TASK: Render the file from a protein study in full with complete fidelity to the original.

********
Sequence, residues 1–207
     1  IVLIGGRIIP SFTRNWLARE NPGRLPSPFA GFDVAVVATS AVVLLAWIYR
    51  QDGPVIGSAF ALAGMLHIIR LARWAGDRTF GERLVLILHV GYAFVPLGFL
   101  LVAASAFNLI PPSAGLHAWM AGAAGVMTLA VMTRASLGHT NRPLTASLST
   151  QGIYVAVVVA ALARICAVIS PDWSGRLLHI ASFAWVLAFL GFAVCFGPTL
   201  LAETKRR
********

Sequence, residues 1–207
     1  IVLIGGRIIP SFTRNWLARE NPGRLPSPFA GFDVAVVATS AVVLLAWIYR
    51  QDGPVIGSAF ALAGMLHIIR LARWAGDRTF GERLVLILHV GYAFVPLGFL
   101  LVAASAFNLI PPSAGLHAWM AGAAGVMTLA VMTRASLGHT NRPLTASLST
   151  QGIYVAVVVA ALARICAVIS PDWSGRLLHI ASFAWVLAFL GFAVCFGPTL
   201  LAETKRR